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Old 06-02-2013, 08:16 PM   #1
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Default Identifying an off-flavor, coming up short on ideas

I'll apologize if my post is like reading War and Peace, but in the sake of leaving no stone unturned, I'm trying to identify an off-flavor I have in my beers.

I've been brewing since Christmas 2010. All throughout 2011, I brewed beers for bottling, and generally speaking, thought I was getting good at it. In early 2012, I bought a fridge and a keg setup, and started kegging. Since kegging, I can't seem to nail a beer right, without an off-flavor present in the background. it's slight, but enough to make me want to get rid of it, and it's in most of the beers i brew, with no exception that I can think of.

The off-flavor is hard to describe; I'm sitting here typing as I drink a Maibock I made in the fall of last year, and which lagered for months. It tastes malty and sort of hoppy, like I like it, but there's also a background.....'sweetness' or 'tartness' to it. It's by no means hugely apparent. it comes out more in the aftertaste of the beer, too.

My sanitation is as such: I sanitize boil keg and fittings with PBW, then follow up with Star San. I also do this with my kegs; get water as hot as I can stand it, load it with PBW, let soak and scrub, then pressurize kegs with a compressor and slowly flow it out of the fittings. then I rinse and flow out of the kegs, then sanitize and flow out of the kegs. I also sanitize all the tubing i use post-boil as well, along with the plastic carboys i use.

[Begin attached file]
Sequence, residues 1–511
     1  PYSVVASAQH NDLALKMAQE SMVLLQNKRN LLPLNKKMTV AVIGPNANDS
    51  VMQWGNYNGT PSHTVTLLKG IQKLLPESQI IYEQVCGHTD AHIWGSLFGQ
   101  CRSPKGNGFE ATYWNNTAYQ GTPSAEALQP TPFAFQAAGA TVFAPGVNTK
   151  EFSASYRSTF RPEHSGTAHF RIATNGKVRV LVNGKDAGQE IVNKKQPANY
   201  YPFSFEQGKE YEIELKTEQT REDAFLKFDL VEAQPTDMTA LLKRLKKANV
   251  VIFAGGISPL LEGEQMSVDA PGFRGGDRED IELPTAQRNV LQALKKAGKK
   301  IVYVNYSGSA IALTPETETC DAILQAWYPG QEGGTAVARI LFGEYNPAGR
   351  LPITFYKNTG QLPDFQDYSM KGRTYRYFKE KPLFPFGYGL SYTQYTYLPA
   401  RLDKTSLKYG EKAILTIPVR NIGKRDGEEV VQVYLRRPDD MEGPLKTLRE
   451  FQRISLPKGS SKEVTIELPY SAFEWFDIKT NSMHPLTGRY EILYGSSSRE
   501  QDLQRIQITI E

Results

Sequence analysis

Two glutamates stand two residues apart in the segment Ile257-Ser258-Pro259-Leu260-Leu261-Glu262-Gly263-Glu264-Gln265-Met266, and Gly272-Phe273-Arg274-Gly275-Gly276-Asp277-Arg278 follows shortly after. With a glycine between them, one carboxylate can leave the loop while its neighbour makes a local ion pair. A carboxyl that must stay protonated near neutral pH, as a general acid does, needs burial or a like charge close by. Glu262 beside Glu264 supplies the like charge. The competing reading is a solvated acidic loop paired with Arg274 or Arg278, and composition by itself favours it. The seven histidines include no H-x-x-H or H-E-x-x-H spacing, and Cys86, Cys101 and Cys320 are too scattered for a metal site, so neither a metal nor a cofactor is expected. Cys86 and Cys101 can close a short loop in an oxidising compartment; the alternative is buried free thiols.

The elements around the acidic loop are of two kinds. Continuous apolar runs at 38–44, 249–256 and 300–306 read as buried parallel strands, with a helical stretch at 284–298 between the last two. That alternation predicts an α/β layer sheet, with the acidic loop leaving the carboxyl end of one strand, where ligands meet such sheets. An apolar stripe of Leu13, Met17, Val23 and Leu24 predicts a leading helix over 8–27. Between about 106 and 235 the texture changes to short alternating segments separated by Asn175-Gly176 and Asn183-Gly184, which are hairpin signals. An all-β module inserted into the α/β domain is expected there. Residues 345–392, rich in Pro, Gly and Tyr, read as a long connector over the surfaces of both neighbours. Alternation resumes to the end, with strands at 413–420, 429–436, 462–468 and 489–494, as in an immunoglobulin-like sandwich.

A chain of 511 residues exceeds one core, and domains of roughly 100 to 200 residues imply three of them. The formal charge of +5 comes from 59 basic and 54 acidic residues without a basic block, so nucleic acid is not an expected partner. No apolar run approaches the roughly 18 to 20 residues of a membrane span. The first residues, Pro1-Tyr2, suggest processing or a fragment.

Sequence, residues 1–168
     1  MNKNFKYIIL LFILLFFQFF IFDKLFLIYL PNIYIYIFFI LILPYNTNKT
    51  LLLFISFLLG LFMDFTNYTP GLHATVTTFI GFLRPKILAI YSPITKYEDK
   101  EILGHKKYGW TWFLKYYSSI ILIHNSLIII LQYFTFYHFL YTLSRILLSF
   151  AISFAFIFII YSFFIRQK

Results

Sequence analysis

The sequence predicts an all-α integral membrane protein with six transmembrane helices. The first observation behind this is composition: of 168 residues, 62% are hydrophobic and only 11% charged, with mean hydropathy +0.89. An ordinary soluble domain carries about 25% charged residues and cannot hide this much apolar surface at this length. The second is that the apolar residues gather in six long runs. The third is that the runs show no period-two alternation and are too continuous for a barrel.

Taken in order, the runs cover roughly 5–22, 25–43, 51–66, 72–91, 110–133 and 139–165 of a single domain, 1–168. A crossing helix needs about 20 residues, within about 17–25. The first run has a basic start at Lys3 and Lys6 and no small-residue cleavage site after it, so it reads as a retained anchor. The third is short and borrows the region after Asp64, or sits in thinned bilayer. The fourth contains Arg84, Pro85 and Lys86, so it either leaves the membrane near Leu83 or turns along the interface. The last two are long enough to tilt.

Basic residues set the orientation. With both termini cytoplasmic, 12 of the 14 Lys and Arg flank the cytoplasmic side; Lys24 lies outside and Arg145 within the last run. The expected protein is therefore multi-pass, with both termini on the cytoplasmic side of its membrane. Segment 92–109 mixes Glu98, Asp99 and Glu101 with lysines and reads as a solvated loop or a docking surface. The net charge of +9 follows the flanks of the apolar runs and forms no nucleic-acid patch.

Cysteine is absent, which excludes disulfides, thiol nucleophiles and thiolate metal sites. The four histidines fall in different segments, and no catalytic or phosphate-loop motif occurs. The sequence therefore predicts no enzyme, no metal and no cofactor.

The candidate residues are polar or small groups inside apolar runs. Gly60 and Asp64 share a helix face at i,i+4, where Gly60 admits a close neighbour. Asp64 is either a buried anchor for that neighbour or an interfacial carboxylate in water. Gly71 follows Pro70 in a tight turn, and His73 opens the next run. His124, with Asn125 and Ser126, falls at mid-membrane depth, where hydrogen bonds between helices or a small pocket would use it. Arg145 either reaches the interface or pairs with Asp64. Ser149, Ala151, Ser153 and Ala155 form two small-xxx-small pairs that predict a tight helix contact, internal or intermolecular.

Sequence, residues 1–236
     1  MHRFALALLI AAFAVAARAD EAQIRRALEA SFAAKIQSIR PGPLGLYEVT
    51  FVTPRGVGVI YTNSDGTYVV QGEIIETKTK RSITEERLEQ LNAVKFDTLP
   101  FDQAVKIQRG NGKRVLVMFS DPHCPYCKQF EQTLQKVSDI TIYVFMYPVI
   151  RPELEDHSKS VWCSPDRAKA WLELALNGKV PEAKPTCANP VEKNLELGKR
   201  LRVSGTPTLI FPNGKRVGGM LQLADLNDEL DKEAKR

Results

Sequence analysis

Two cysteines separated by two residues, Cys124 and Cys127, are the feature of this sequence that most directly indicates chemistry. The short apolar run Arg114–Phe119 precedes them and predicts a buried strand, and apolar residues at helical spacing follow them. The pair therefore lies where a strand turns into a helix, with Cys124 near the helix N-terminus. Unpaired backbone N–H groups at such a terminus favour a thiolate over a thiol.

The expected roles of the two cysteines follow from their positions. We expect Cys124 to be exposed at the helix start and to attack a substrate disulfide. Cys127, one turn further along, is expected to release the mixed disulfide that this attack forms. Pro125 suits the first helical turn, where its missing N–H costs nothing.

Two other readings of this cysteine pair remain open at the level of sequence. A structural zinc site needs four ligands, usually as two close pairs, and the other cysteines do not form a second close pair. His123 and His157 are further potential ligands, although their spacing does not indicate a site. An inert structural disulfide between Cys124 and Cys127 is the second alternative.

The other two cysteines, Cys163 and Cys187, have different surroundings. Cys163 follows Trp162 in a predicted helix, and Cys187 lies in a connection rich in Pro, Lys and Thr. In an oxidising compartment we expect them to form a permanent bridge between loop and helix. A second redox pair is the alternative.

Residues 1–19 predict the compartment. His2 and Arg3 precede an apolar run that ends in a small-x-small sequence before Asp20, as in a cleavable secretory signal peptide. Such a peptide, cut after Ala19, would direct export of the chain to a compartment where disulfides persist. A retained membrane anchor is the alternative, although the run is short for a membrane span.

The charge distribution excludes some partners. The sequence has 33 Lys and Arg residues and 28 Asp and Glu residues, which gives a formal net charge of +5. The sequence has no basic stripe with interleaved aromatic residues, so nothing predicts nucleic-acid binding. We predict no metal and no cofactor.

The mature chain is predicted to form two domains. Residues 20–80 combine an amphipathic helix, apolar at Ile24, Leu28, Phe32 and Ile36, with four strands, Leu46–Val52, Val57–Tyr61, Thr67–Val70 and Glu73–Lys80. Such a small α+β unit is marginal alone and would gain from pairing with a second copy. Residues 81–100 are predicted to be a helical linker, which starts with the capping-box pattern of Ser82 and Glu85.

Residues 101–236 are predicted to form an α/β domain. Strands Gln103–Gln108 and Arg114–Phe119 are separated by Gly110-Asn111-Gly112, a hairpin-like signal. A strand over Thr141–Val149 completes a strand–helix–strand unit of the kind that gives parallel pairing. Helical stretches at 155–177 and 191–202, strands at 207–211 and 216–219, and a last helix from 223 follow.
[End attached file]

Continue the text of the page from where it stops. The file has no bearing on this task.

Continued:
My suspicion is in how I handle my yeast. historically, even on high gravity beers, I wouldn't do a yeast starter. I would do a smack pack from Wyeast, let it swell on up, and pitch it. Then I'd agitate it for about 20-30 seconds. that's it.

in reading, it seems that most people do a starter even for a modest gravity beer (1.050 - 1.060). and it also seems that people really like to aerate the heck out of their beer. though I've never done this with any of my beers, the beer I brewed to be bottled never seemed to show this off flavor.

I recently brewed an Altbier that I did a starter for, and which I aerated using a filtered aquarium pump and stone for about an hour. I'm attempting to give the yeast ideal conditions in which to thrive, to see if this problem goes away.

Your thoughts would be appreciated, and likely tried, especially if this Altbier comes through with this flavor.

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Old 06-02-2013, 09:50 PM   #2
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Simple question: did you replace all the o-rings on any kegs you have? If they had been used for soda syrup previously, I'm told that flavor lingers quite terribly.

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Old 06-02-2013, 09:55 PM   #3
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Simple question: did you replace all the o-rings on any kegs you have? If they had been used for soda syrup previously, I'm told that flavor lingers quite terribly.